Billionaire Carl Pohlad; Owned Baseball's Twins

For a time, Carl Pohlad's thrift was an issue regarding the Minnesota Twins.
For a time, Carl Pohlad's thrift was an issue regarding the Minnesota Twins. (By Jim Mone -- Associated Press)
By Alexander F. Remington
Washington Post Staff Writer
Wednesday, January 7, 2009

Carl R. Pohlad, 93, the self-made billionaire who was called a miser when he threatened to fold his two-time World Series-winning Minnesota Twins franchise, died Jan. 5 at his home in Edina, Minn. The cause of death was not reported.

Mr. Pohlad, who developed his thrifty ways while coming of age during the Great Depression, showed his business acumen early, making profits by organizing kids to pick weeds in an Iowa cornfield. While serving as a cook in World War II, he ran a loan business out of a mess tent. In 2008, Forbes magazine listed him as the 102nd-richest American, with a net worth of $3.6 billion.

Mr. Pohlad settled in Minnesota soon after the war and bought the Marquette Bank in Minneapolis in 1949 with his brother-in-law as a partner. Upon his brother-in-law's death in 1955, he assumed sole control of the bank and soon bought other banks and businesses across Minnesota and the Midwest. He later expanded into soft-drink bottling, life insurance and a Las Vegas casino.

Remembering the lessons of the Depression, he worked tirelessly. He "truly believes that if he doesn't work hard, he's gonna be back on a food line or a bread line," his son Robert, told the Minneapolis Star Tribune.

In 1984, he bought the Twins for $38 million from Calvin Griffith, who had moved the baseball team, the former Washington Senators, to Minnesota's Twin Cities in 1960. Three years later, the Twins won their first World Series championship.

Mr. Pohlad had a genius for timing his deals, but he was not known for sentimentality.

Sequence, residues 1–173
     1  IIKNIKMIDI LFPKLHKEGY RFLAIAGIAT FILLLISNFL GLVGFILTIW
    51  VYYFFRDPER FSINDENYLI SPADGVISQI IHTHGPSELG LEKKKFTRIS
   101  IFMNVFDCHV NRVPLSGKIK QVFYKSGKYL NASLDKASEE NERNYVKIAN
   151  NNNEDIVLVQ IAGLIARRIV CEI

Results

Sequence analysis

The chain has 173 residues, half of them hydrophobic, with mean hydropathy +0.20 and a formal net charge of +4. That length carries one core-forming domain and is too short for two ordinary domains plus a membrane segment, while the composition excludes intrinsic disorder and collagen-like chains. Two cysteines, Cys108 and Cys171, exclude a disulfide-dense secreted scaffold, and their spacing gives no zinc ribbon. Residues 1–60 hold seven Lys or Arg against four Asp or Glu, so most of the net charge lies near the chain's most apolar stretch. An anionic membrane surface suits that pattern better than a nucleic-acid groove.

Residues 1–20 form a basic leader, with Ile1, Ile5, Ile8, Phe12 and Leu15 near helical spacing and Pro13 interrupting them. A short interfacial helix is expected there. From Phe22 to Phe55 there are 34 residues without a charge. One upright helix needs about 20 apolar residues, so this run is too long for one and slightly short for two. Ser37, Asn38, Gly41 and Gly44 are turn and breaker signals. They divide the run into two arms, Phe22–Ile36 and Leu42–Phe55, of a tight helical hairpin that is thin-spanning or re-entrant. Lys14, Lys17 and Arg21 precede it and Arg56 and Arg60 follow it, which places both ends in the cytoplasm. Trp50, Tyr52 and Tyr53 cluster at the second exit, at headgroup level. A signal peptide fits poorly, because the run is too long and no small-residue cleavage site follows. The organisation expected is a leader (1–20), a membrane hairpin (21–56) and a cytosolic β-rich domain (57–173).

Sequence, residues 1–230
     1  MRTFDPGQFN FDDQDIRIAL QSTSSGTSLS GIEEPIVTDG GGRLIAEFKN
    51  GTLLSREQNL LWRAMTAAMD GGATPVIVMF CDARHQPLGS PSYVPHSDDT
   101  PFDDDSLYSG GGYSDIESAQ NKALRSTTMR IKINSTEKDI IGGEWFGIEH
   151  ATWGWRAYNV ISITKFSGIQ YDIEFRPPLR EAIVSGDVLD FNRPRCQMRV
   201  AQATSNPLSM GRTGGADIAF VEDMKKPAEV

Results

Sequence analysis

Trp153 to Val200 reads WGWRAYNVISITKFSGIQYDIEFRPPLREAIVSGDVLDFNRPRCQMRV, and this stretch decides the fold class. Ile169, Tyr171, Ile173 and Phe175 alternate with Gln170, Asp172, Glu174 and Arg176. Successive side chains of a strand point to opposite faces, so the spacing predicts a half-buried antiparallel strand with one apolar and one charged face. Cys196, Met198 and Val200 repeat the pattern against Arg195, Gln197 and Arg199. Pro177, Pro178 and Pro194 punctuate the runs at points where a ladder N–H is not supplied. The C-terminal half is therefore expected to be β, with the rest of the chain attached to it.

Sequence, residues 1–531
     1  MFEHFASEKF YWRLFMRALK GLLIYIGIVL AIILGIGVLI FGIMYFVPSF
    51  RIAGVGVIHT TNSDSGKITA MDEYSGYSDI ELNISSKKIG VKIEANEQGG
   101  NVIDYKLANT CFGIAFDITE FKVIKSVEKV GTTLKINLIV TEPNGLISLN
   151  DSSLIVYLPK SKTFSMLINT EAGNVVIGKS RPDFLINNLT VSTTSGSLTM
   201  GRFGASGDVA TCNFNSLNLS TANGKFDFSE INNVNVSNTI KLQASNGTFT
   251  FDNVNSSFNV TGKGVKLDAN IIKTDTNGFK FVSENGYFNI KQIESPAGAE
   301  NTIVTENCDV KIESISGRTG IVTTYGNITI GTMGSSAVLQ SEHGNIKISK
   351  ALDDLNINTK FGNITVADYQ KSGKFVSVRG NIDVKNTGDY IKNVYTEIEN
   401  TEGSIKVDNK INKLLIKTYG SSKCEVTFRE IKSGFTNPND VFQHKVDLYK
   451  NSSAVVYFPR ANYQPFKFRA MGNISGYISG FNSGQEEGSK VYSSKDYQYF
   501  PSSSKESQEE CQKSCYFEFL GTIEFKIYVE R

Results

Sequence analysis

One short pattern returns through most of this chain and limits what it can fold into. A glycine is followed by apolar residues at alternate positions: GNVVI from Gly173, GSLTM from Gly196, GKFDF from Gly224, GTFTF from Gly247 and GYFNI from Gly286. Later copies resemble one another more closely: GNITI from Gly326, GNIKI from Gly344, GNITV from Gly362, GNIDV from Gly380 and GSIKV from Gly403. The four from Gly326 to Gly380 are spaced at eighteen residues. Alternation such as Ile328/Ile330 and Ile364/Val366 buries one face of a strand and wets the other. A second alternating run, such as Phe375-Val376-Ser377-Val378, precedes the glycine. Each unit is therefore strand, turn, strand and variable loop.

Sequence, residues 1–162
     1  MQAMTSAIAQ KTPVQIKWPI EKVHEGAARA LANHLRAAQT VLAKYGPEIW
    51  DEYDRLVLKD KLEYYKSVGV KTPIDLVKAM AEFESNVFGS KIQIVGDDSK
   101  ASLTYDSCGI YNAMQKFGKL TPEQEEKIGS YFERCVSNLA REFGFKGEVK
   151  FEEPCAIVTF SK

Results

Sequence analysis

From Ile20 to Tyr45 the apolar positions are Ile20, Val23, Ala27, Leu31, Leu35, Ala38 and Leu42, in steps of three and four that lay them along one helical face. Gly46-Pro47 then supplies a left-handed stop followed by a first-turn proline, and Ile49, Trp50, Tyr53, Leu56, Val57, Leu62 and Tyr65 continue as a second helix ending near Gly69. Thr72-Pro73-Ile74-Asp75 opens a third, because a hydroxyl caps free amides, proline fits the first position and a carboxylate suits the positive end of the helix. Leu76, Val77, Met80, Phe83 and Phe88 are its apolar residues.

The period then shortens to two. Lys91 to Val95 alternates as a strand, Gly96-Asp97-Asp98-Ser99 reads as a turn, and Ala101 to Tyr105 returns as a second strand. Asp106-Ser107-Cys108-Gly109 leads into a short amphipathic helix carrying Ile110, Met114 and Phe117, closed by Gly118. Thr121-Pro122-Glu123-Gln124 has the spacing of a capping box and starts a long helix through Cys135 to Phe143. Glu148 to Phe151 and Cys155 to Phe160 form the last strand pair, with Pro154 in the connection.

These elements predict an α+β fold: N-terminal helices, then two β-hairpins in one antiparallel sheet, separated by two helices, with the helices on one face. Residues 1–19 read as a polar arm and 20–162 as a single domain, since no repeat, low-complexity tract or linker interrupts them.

"Pohlad waits very patiently until you're just coming up for air the last time, and then says, 'I'll save you,' " a business rival told Forbes in 1979. "Once he gets through cleaning house and getting a profitable business going, he will sell it off or make money in some way."

He took the same approach to the Twins. For the past 20 years, the team's payroll has been in the bottom half among major league teams, and the Twins were last in 2000 and 2001. Stars such as David Ortiz and Johan Santana blossomed elsewhere because the team would not pay to keep them.

For more than a decade, Mr. Pohlad tried to persuade local politicians to approve a taxpayer-funded stadium to replace the Twins' ballfield, the Metrodome, which was built in 1982.

Frustrated that no stadium was forthcoming and that the team was losing money, Mr. Pohlad threatened to sell the team in 1997, and in 2001, he offered to sell the Twins to his fellow major league owners and fold the franchise. Finally, near the end of his life, a new stadium was approved, with a projected opening in April 2010.

"There were two competing aspects to Carl: His desire to run a legitimate business, and his desire to win," former Twins general manager Andy MacPhail told the Star Tribune. "In baseball, one often comes at the expense of the other. When push came to shove, he wanted to win."

Mr. Pohlad's ownership gave the city its only two World Series wins, in 1987 and again in 1991, behind future Hall of Fame outfielder Kirby Puckett. The Twins' most memorable victory might have come in the seventh game of the 1991 series when pitcher Jack Morris pitched a 10-inning shutout against the Atlanta Braves. The Twins won, 1-0.

CONTINUED     1        >

© 2009 The Washington Post Company